His only competition for this number was Ralph Staten, a once-promising safety who was jettisoned from the team due to character issues in the spring of 1999. Regardless of where you stand with Walker, he is a pretty clear choice and has at least one big fan on YouTube.

Knowing Walker, it would not be a complete shock to find out he made this video himself.

42 Anthony Mitchell (2000-02)

I went back and forth between Mitchell and fullback Lorenzo Neal, but Mitchell’s three seasons in Baltimore allowed him to grab the honor. Mitchell spent his first two seasons with the Ravens as a special teams contributor before his workload in the secondary increased in 2002, starting six games and grabbing three interceptions.

Of course, the mere mention of Mitchell makes Baltimore think about a certain blocked field goal return in Nashville (check the 3:30 mark).

43 Haruki Nakamura (2008-present)

Despite a promising future, Nakamura has done little to distinguish himself other than contributing on special teams in his first two seasons. However, it tops the work of other defensive backs like Vashone Adams and Anthony Poindexter.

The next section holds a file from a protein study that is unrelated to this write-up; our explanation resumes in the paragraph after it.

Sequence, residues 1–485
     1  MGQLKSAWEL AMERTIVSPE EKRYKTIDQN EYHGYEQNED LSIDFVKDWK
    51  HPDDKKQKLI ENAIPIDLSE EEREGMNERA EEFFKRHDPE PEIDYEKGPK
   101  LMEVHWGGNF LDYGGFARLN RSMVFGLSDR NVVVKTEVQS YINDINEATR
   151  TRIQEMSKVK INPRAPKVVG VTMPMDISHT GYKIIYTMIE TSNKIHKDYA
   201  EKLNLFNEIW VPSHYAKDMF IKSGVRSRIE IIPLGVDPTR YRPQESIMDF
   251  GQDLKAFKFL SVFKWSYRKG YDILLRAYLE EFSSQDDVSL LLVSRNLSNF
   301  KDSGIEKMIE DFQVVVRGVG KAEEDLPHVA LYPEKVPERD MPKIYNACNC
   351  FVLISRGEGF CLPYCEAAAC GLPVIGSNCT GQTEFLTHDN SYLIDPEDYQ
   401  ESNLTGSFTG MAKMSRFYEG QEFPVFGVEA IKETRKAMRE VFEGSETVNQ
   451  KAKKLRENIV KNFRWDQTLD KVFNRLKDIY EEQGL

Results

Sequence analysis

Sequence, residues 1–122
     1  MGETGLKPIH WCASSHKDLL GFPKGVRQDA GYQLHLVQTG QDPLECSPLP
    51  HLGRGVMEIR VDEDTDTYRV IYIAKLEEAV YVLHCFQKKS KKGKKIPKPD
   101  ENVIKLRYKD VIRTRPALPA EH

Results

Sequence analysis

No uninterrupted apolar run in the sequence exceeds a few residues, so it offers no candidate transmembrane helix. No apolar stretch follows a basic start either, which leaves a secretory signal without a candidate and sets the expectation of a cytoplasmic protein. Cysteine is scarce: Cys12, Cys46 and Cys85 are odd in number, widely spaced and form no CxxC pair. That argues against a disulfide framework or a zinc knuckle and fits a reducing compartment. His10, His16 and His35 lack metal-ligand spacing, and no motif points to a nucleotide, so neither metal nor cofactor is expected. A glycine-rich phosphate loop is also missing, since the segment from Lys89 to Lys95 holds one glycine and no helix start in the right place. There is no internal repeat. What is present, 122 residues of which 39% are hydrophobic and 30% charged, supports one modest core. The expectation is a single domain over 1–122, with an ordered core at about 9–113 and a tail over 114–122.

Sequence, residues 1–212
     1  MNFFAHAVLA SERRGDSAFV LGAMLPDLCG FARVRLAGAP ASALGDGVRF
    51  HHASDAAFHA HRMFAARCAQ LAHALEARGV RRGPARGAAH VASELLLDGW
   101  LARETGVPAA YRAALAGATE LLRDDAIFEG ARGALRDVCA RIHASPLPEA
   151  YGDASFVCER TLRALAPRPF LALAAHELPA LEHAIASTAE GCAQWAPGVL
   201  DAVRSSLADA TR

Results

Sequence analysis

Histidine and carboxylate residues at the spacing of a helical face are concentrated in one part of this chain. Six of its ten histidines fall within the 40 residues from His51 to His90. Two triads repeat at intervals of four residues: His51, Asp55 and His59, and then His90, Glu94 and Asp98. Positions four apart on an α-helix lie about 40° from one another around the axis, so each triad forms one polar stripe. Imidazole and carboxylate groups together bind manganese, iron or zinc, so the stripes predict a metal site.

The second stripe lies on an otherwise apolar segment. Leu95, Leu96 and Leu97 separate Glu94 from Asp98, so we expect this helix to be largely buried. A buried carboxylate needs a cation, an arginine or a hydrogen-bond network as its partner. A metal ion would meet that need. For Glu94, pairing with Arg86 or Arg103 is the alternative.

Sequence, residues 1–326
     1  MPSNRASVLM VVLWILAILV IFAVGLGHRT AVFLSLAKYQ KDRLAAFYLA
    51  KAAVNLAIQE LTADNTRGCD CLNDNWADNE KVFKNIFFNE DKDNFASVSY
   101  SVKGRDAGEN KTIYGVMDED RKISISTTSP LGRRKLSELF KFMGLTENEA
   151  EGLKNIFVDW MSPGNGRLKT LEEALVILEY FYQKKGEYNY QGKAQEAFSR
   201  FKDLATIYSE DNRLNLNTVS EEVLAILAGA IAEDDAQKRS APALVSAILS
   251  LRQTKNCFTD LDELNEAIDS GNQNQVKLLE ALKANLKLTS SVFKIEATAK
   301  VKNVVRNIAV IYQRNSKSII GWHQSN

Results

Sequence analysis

44 Jason Brookins (2000-01)

The big tailback rushed for 551 yards in 2001, beating out the likes of Tony Vinson and Willie Gaston. Brookins is most remembered for leaving the Packers camp a year later after the staff asked him for his playbook, the traditional sign that a player is being cut. It turns out the coaching staff only wanted to add some new plays and by the time Brookins received the message, Green Bay coach Mike Sherman decided to cut the running back.

And the Baltimore coaching staff questioned his decision-making and intelligence while with the Ravens. Imagine that.

45 Corey Harris (1998-2001)

Harris

Harris spent most of his Ravens career as a backup and solid return man, but stepped up in a big way when safety Kim Herring went down with a sprained ankle in the 2000 playoffs. He started against Tennessee and Oakland and started all 16 at strong safety the following season.